After watching Brooks Koepka capture the fifth major title of his career at the PGA Championship, the 2023 PGA TOUR season continues with the Charles Schwab Challenge, which will be played at Colonial Country Club (par 70, 7,209 yards, bentgrass greens) in Fort Worth, Texas. Since this tournament’s inception in 1946, Colonial has been the only course to host a Charles Schwab Challenge, making this course and event pairing the longest-running on the PGA TOUR. At last year’s Charles Schwab Challenge, Sam Burns (-9) defeated Scottie Scheffler in a playoff for the victory.
With small greens and tight, tree-lined fairways, Colonial is a classic design that favors accuracy over distance. While OTT stats are mostly irrelevant with this being a less than driver venue, your work with your irons is extremely important at Colonial. For five years in a row, the golfer to take home the novelty check at this track has finished the tournament top-12 in SG APP, with two of these players notably leading their fields in the metric. Even more so than usual, having a strong performance on the bentgrass greens of Colonial is also a must if you want to contend at the Charles Schwab Challenge. For four years running, the champion at Colonial has ranked top-seven in SGP during their win in Fort Worth.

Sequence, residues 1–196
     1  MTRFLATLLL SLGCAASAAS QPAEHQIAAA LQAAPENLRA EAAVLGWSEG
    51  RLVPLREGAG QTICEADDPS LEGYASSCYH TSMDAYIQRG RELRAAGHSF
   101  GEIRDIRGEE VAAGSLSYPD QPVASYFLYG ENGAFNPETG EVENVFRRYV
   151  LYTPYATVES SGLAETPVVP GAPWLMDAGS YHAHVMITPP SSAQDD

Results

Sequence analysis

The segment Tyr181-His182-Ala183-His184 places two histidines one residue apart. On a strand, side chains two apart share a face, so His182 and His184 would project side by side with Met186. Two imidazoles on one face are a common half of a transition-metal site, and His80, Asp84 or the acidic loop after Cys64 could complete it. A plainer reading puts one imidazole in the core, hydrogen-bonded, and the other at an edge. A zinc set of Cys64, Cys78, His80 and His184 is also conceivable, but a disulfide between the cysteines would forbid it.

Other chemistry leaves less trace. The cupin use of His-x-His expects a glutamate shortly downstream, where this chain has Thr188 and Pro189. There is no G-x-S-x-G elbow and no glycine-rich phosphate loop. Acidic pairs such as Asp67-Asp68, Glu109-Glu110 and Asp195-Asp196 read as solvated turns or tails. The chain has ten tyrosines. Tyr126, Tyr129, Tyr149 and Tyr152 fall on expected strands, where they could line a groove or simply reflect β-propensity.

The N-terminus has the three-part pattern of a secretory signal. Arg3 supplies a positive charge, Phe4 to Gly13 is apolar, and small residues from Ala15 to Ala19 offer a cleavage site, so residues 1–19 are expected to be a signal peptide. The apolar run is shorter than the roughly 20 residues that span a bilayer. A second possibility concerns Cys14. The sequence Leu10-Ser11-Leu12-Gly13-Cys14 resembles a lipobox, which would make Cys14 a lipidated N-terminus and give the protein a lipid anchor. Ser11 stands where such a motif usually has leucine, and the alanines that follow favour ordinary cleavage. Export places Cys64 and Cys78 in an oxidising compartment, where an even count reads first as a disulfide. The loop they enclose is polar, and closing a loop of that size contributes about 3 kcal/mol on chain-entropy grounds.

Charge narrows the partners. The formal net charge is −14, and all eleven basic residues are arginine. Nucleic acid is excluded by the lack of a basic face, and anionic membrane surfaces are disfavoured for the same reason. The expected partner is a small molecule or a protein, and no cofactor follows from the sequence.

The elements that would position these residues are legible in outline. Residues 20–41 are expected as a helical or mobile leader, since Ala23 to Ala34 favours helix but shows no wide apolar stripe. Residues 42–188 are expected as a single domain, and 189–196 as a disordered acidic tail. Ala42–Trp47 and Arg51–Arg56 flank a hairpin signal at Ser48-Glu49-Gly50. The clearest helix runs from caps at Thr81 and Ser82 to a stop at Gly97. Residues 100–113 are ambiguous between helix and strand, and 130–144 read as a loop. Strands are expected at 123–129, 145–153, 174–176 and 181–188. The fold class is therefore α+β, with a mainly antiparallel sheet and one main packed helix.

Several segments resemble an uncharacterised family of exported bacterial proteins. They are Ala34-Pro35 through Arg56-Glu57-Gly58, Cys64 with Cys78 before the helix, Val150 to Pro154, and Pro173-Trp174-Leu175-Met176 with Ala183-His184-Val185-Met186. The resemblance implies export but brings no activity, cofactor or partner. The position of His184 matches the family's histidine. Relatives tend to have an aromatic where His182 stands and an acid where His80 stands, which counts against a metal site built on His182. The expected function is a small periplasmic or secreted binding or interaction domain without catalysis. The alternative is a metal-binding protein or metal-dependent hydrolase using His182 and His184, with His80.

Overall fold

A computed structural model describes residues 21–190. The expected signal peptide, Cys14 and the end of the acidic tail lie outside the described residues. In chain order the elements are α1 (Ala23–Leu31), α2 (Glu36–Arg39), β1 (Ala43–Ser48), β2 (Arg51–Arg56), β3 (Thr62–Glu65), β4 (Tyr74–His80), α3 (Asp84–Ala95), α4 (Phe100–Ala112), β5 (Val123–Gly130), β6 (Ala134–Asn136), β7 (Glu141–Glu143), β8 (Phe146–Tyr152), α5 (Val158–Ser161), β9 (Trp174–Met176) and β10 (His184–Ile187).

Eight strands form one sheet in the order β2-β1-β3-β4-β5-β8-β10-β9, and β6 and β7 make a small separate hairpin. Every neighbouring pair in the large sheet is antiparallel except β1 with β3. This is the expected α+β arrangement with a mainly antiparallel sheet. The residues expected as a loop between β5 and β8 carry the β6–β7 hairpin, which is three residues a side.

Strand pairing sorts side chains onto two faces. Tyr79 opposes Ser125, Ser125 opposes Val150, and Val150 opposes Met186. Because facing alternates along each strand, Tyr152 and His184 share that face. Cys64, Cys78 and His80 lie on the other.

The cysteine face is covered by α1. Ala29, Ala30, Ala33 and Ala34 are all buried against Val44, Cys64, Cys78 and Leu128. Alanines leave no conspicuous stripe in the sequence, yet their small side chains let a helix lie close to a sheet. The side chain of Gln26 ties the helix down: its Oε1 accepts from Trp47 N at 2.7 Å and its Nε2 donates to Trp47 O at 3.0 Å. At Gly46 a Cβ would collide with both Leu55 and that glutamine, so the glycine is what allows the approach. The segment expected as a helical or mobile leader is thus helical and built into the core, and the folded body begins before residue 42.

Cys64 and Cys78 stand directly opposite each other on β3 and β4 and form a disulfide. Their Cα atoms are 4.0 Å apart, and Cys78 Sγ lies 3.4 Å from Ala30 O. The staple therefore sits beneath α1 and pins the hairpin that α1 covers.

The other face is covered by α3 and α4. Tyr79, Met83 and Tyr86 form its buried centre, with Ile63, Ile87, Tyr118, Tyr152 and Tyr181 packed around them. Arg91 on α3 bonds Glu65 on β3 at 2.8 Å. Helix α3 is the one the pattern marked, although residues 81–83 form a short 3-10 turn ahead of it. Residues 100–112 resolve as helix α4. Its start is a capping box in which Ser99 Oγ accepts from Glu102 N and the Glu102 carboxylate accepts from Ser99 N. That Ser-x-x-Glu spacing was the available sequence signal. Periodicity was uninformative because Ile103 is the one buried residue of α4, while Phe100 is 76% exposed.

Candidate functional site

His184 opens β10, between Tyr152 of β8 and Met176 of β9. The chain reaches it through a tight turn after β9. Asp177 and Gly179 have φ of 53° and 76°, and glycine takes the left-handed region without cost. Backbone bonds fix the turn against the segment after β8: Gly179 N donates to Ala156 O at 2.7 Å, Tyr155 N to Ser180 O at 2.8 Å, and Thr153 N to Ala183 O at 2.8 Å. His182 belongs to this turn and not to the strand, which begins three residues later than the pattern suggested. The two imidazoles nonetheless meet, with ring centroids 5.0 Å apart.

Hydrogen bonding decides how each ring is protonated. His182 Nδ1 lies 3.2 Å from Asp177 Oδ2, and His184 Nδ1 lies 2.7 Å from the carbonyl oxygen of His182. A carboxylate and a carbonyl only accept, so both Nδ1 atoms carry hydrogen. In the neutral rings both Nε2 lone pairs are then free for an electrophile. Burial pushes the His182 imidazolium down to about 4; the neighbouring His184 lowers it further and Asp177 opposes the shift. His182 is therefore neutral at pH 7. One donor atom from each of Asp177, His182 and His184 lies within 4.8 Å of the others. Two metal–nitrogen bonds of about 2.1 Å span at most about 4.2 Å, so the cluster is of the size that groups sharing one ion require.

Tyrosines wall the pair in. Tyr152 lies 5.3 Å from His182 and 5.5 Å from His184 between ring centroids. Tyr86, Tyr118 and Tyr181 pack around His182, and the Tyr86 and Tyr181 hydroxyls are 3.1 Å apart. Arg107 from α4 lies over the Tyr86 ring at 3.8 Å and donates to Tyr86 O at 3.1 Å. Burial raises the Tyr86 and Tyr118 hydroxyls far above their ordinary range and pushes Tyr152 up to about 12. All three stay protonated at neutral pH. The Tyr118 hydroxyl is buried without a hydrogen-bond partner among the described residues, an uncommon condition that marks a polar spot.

Last but certainly not least, being efficient on the par fours of this par 70 is vital for success, specifically, the par fours that land between 400-450 yards, with seven of the 12 par fours at Colonial falling this range. Of the last five Charles Schwab Challenge victors, four collectively finished the event top-three in par four efficiency and top-eight in efficiency on the 400-450-yard par fours at Colonial.
Headlined by Texas natives Scheffler and Jordan Spieth – who are currently the first and second betting favorites to win the Charles Schwab Challenge on the DraftKings Sportsbook, respectively – nine of the top-25 golfers in the world will be competing in Fort Worth this week. Also, this is a smaller field of 120 players and after last week’s expanded cut at the PGA Championship, we get back to the standard top-65 and ties cut following the first two rounds at the Charles Schwab Challenge, meaning a higher percentage than usual will be advancing to the weekend.
Below, I have featured four of my favorite sub $7.5K DraftKings value plays for the Charles Schwab Challenge.
Eric Cole ($7,200) – In just his second career start at a major, Cole shined at the PGA Championship last week, carding a T15 finish. Impressively, the 34-year-old gained strokes in every major category and finished in a tie for the least bogeys recorded at the demanding Oak Hill Country Club. Cole has now made seven of his past 10 cuts - with six of those finishes being top-30 results – and sits at a career-best No.103 in the world golf rankings, which is an eye-popping 333 spots higher than his ranking to start the season.
While this will be Cole’s debut at Colonial, he is an excellent match for the classic track, ranking top-20 in SG APP, SGP and par four efficiency over his last 50 rounds. Cole has top-20 upside this week and is an easy choice at this affordable price tag.